4. Organizing all of the functions by separate ribbons/menus is a great idea, especially since you can create your own ribbon with your most used commands. I did have problems locating some commands b/c they have been moved to different locations. In Word this was quite aggravating at first, but it's not an issue now that I know where things are & how to locate commands that I use less frequently.
5. Having your open windows at the bottom of the screen is handy, though it can be annoying until you learn to not accidentally roll your mouse over them. A so-so improvement. (This is a Win 7 and Office 2010 combined feature.)
6. Snap is a nifty feature that allows you to line up 2 pages from your apps side-by-side using the full screen. This has been very useful for me and already gets regular use. Drawbacks: Sometimes the text is too small or, if you enlarge it, doesn't always fit on the page. Still, Snap is definitely worthwhile. (Another Win 7/Office 2010 feature; IME Snap doesn't work with many non-Office applications.)
7. It's so easy and fun to use the different color swatches to brighten up my Excel spreadsheets. This is not trivial for me as I like to use color to emphasize different kinds of data. People find the spreadsheets easier to read that way. YMMV. You could do this in Office 2007, of course, but the procedure is much more cumbersome.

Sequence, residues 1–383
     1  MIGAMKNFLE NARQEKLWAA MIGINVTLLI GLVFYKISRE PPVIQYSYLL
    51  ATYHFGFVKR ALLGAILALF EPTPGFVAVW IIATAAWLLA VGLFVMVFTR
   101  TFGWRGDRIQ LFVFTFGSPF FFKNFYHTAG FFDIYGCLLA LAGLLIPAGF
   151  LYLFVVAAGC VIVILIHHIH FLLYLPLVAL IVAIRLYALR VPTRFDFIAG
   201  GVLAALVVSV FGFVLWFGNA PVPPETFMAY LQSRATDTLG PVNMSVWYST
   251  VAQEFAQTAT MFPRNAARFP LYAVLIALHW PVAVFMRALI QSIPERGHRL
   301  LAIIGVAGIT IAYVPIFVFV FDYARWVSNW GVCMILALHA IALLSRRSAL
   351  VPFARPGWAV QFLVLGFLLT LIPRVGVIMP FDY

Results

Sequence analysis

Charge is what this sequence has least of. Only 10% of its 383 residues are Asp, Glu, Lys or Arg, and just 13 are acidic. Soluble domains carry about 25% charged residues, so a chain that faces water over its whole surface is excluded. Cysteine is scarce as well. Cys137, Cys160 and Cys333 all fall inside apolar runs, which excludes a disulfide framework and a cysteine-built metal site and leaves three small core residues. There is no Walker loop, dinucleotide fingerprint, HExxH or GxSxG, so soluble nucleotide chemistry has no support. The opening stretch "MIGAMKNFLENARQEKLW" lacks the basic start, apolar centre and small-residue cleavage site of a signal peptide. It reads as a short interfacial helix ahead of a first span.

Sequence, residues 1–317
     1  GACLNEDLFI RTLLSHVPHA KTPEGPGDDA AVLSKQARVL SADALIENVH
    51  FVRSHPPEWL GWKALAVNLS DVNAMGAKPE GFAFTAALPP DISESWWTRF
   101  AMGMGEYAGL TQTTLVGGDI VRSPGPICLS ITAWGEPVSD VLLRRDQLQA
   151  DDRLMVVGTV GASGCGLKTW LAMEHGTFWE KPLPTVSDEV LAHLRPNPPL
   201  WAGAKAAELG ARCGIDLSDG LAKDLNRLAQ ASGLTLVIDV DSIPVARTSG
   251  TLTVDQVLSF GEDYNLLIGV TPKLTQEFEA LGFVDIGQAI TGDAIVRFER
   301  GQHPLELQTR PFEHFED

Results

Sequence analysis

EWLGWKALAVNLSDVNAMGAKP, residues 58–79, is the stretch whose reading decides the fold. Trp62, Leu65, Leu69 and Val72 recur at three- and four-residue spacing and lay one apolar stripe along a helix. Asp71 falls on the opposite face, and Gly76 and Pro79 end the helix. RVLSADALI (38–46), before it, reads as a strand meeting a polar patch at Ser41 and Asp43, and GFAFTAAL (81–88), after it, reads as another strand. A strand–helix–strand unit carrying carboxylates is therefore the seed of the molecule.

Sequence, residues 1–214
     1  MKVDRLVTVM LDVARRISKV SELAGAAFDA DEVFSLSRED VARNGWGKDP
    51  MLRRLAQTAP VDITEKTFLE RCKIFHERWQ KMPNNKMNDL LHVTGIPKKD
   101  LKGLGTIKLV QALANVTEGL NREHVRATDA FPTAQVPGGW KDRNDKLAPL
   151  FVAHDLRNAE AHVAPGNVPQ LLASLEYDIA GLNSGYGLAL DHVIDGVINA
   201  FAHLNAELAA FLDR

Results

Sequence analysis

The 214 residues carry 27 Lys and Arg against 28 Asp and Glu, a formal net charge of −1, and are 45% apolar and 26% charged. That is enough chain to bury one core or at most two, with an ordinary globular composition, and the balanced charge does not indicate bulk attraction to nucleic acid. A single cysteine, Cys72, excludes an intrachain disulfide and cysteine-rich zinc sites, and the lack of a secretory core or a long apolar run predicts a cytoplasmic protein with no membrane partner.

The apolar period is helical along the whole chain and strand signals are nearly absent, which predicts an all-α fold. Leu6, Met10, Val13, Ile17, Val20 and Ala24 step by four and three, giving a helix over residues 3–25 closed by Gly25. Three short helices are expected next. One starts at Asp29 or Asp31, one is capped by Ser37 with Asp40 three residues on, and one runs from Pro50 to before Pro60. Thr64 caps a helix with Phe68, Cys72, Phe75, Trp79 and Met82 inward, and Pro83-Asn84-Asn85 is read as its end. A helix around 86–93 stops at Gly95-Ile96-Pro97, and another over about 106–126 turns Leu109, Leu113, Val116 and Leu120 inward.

8. Excel is configured in much the same way as Word, with ribbons at the top for different menus. The ribbons are mostly pretty good, but more so than in Word, some basic commands are located in counter-intuitive places. For example, to copy or move a page, you have to go into Home/Format Cells/Organize Sheets/Move or Copy Sheet. The "format cells" menu is in a tiny font and located at the right of the sheet. There is a certain logic to the location, but the command for this simple task should, IMO, be right on the ribbon. (It's on my personal ribbon now that I found it.) Likewise, the Tables menu doesn't show the most simple and complete way to create borders - you have to go to a sub-menu of the Tables submenu to get to the old XP Format Cells menu where you can find number, alignment, tables, etc. One of those submenus is below the page & is easily missed. Don't be fooled; not all commands are on the ribbons or in the same menus as XP & you'll have to ferret some of them out. Oh, and so far I've found 3 "Format Cells" menus, and they're not all the same.
Minus 1/2 star for hiding the Excel commands ('cause I'll learn them but that was stupid) & round up.
You get the general idea. Office 2007 is significantly different from Office 2010. IME, Word and Excel, and to a lesser degree Power Point, are easier and more efficient to use. There are some minor annoyances and there is a learning curve, but it should be relatively easy to switch from Office 2007 to Office 2010. I wouldn't advise anyone to rush out and buy Office 2010 right this minute, but it's definitely a good product and worth consideration - when you're ready.
Did MS get it right this time???
And no, I don't work for MS.